There is no doubt that, for the past day, the biggest storyline in esports has been the lawsuit that Tfue filed against FaZe Clan, which was officially made public news on May 21.
The news sparked major debates across social media, drawing out reactions from top members of the online gaming community, including Ninja.
Commenting on the controversy during his livestream, Ninja revealed that FaZe played a major role in helping Tfue gain a lot of success early on, since it was thanks to the org that the pro player was invited to exclusive Fortnite BR tournaments.
“I’m literally in a group chat with KEEMSTAR,” he said. “And he said that the only reason Turner was invited to compete in those tournaments, like the Friday Fortnite tournaments, was because he was on FaZe.”[ad name=”article3″]
YouTuber Daniel ‘KEEMSTAR’ Keem’s Friday Fortnite tournaments during May and June of last year were one of the first truly popular competitions organized for the popular battle royale.
Tfue and his FaZe duo Dennis ‘Cloak’ Lepore dominated the series, winning four tournaments together while no other player ever won more than one.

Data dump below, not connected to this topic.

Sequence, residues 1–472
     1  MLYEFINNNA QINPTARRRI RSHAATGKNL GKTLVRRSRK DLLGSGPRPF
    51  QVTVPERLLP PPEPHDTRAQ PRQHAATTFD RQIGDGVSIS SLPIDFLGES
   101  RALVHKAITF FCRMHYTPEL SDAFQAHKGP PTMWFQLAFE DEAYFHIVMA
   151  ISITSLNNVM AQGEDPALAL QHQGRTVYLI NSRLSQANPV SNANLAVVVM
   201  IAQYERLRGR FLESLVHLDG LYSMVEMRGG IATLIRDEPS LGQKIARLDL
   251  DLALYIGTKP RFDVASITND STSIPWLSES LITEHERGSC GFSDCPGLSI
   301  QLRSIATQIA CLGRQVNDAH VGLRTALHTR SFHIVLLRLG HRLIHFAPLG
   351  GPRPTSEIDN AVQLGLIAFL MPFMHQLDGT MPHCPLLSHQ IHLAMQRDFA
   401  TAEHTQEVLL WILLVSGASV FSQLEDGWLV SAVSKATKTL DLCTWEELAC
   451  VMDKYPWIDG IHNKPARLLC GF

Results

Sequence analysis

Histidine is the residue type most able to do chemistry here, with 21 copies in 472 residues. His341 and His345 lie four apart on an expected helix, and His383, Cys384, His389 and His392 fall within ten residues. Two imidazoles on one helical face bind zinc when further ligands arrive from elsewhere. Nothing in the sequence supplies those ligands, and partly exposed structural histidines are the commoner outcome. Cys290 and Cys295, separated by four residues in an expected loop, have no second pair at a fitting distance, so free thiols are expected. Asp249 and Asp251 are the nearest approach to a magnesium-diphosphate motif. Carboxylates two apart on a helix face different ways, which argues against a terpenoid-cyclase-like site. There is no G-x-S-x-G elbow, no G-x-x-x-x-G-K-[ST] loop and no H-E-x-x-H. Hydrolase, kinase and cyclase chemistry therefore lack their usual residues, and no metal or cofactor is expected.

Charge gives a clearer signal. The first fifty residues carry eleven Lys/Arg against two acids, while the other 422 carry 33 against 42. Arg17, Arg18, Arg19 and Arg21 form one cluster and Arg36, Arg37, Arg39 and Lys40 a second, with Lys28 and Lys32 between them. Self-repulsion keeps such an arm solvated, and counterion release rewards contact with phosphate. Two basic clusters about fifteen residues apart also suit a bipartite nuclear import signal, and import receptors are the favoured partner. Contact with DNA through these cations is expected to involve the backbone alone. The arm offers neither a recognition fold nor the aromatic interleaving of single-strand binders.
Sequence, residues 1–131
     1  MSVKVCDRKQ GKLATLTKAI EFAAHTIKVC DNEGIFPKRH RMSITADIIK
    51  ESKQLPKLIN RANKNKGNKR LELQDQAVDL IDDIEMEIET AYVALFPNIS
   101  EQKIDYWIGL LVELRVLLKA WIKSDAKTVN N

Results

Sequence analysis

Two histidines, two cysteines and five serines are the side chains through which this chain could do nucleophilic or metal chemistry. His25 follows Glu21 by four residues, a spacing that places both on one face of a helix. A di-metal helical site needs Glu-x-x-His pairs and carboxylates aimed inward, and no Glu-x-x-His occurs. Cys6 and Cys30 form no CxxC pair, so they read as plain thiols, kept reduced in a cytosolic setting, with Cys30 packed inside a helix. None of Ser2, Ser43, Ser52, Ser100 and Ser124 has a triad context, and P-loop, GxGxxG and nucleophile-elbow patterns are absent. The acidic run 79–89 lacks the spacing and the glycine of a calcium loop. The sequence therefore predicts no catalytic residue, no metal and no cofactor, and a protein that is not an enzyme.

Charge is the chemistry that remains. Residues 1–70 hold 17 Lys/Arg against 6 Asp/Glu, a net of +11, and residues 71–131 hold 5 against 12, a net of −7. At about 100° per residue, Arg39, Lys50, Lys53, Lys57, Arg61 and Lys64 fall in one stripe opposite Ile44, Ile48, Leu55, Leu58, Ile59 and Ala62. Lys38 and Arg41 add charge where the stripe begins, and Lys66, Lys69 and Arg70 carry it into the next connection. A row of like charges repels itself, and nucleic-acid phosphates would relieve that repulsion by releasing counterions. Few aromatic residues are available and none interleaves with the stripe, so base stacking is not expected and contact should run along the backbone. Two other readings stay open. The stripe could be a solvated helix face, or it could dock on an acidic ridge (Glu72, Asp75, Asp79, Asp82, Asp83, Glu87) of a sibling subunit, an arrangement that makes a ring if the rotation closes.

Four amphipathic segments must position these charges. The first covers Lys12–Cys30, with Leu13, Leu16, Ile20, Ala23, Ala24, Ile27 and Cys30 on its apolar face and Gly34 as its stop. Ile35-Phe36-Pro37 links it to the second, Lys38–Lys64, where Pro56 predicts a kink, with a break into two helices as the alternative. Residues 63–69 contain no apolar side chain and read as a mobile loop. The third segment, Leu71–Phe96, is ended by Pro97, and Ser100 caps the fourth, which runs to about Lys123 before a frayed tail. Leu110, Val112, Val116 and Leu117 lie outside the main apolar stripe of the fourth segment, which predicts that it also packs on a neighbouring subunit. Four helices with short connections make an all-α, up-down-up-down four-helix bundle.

With those competitions gaining massive viewership and coverage on Twitch and across esports, Tfue’s legend as a dominant force continued to grow.
The point that Ninja and many others have tried to make is that being on FaZe was instrumental for Tfue to become the mega star he is today, which he should have taken into account before agreeing to file the lawsuit.
Why is Tfue suing FaZe Clan?
Tfue’s lawsuit against FaZe Clan is based on the grounds that the org violated California law by allegedly limited his ability to pursue his profession.
According to his lawyer, the org took 80% cut of all the revenue from his branded videos on social media, a claim which has been vehemently denied by FaZe founder Ricky ‘Banks’ Banks.
In addition, the lawyer also accused FaZe of “jeopardizing the health, safety, and welfare of its members,” which includes serving alcohol to members before they’re legally allowed to drink, and pressuring newly signed underage players to lie about their age.